He doesn’t really mind the paparazzi intrusion he insists. "Although I should probably chat to my sister more about how the media works!" And anyway, it’s more than outweighed by the benefits: "The biggest change since 12 Years has been work-wise really. I feel that I don’t have to wait around for good scripts anymore, that I can get things moving more quickly. I can ring up directors I like and say I’m keen to work with them, which is pretty great."

Like Sam Mendes? "I couldn’t say."

‘Half of a Yellow Sun’ is on nationwide release

Read more: Half Of A Yellow Sun, film review
PROMOTED VIDEO
Have you tried new the Independent Digital Edition apps?
Arts and Entertainment

ebooksNow available in paperback
Arts and Entertainment

ebooks
Arts and Entertainment
Mark, Katie and Sanjay in The Apprentice boardroom
TV
Arts and Entertainment

Film The critics but sneer but these unfashionable festive films are our favourites

Arts and Entertainment
Frances O'Connor and James Nesbitt in 'The Missing'

TV We're so close to knowing what happened to Oliver Hughes, but a last-minute bluff crushes expectations

Arts and Entertainment
Joey Essex will be hitting the slopes for series two of The Jump

TV

Who is taking the plunge?
Arts and Entertainment
Katy Perry as an Ancient Egyptian princess in her latest music video for 'Dark Horse'

music
Arts and Entertainment
Dame Judi Dench, as M in Skyfall

film
Arts and Entertainment
Morrissey, 1988

TV
Arts and Entertainment
William Pooley from Suffolk is flying out to Free Town, Sierra Leone, to continue working in health centres to fight Ebola after surviving the disease himself

music
Arts and Entertainment
The Newsroom creator Aaron Sorkin

TV
Arts and Entertainment
Matt Berry (centre), the star of Channel 4 sitcom 'Toast of London'

TVA disappointingly dull denouement
Arts and Entertainment
Tales from the cryptanalyst: Benedict Cumberbatch in 'The Imitation Game'

film
Arts and Entertainment
Pixie Lott has been voted off Strictly Come Dancing 2014

Strictly
Latest stories from i100
Have you tried new the Independent Digital Edition apps?

ES Rentals

    Independent Dating
    and  

    By clicking 'Search' you
    are agreeing to our
    Terms of Use.

    Jeb Bush vs Hillary Clinton: The power dynamics of the two first families

    Jeb Bush vs Hillary Clinton

    Karen Tumulty explores the power dynamics of the two first families
    Stockholm is rivalling Silicon Valley with a hotbed of technology start-ups

    Stockholm is rivalling Silicon Valley

    The Swedish capital is home to two of the most popular video games in the world, as well as thousands of technology start-ups worth hundreds of millions of pounds – and it's all happened since 2009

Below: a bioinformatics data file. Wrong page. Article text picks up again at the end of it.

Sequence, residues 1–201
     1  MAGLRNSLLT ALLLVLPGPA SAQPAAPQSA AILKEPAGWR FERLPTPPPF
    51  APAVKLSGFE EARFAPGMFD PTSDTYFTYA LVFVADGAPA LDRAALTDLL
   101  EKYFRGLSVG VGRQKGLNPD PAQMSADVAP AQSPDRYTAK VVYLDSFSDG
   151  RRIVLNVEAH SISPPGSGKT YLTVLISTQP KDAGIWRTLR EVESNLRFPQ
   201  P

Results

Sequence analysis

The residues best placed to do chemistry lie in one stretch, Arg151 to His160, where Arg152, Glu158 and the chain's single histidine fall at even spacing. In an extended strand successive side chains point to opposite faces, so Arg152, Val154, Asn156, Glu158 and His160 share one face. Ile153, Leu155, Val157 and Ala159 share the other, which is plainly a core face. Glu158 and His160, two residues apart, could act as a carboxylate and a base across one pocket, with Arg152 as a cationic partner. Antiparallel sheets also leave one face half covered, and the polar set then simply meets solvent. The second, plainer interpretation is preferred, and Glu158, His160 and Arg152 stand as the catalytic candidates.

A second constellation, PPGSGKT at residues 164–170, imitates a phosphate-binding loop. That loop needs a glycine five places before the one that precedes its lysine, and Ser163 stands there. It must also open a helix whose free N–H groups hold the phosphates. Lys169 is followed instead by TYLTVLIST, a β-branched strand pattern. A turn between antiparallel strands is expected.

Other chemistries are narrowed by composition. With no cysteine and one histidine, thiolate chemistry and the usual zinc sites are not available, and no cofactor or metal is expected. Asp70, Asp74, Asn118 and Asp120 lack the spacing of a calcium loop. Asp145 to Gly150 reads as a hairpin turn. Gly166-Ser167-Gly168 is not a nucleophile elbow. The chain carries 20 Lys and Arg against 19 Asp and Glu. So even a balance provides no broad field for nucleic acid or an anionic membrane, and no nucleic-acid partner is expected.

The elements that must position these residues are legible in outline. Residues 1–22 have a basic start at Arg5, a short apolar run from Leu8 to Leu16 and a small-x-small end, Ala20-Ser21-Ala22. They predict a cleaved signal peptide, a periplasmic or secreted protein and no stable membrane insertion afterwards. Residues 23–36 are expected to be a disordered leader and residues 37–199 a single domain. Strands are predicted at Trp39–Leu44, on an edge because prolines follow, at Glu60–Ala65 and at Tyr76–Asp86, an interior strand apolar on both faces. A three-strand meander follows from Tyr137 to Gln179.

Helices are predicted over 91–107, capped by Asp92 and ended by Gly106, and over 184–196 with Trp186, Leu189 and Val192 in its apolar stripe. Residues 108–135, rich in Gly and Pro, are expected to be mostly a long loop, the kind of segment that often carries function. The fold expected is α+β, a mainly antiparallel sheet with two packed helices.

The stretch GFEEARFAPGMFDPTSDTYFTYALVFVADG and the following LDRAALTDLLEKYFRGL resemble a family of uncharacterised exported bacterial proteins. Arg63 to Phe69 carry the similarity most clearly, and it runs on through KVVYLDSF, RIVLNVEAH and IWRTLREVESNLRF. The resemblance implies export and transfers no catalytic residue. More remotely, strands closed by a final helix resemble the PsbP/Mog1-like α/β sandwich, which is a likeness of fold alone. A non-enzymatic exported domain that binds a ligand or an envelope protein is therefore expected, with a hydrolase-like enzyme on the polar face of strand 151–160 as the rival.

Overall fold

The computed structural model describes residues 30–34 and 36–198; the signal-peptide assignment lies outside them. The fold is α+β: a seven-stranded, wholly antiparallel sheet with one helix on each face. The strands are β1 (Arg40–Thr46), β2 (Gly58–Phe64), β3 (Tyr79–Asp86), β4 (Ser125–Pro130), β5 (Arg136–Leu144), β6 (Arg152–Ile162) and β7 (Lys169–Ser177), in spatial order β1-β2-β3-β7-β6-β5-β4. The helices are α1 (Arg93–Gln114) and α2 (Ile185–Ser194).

Did Japanese workers really get their symbols mixed up and display Santa on a crucifix?

    Crucified Santa: Urban myth refuses to die

    The story goes that Japanese store workers created a life-size effigy of a smiling "Father Kurisumasu" attached to a facsimile of Our Lord's final instrument of torture
    Jennifer Saunders and Kate Moss join David Walliams on set for TV adaptation of The Boy in the Dress

    The Boy in the Dress: On set with the stars

    Walliams' story about a boy who goes to school in a dress will be shown this Christmas
    La Famille Bélier is being touted as this year's Amelie - so why are many in the deaf community outraged by it?

    Deaf community outraged by La Famille Bélier

    The new film tells the story of a deaf-mute farming family and is being touted as this year's Amelie
    10 best high-end laptops

    10 best high-end laptops

    From lightweight and zippy devices to gaming beasts, we test the latest in top-spec portable computers
    Michael Carberry: ‘After such a tough time, I’m not sure I will stay in the game’

    Michael Carberry: ‘After such a tough time, I’m not sure I will stay in the game’

    The batsman has grown disillusioned after England’s Ashes debacle and allegations linking him to the Pietersen affair
    Susie Wolff: A driving force in battle for equality behind the wheel

    Susie Wolff: A driving force in battle for equality behind the wheel

    The Williams driver has had plenty of doubters, but hopes she will be judged by her ability in the cockpit
    Adam Gemili interview: 'No abs Adam' plans to muscle in on Usain Bolt's turf

    'No abs Adam' plans to muscle in on Usain Bolt's turf

    After a year touched by tragedy, Adam Gemili wants to become the sixth Briton to run a sub-10sec 100m
    Calls for a military mental health 'quality mark'

    Homeless Veterans campaign

    Expert calls for military mental health 'quality mark'
    Racton Man: Analysis shows famous skeleton was a 6ft Bronze Age superman

    Meet Racton Man

    Analysis shows famous skeleton was a 6ft Bronze Age superman
    Garden Bridge: St Paul’s adds to £175m project’s troubled waters

    Garden Bridge

    St Paul’s adds to £175m project’s troubled waters
    Stuff your own Christmas mouse ornament: An evening class in taxidermy with a festive feel

    Stuff your own Christmas mouse ornament

    An evening class in taxidermy with a festive feel
    Joint Enterprise: The legal doctrine which critics say has caused hundreds of miscarriages of justice

    Joint Enterprise

    The legal doctrine which critics say has caused hundreds of miscarriages of justice
    Freud and Eros: Love, Lust and Longing at the Freud Museum: Objects of Desire

    Freud and Eros

    Love, Lust and Longing at the Freud Museum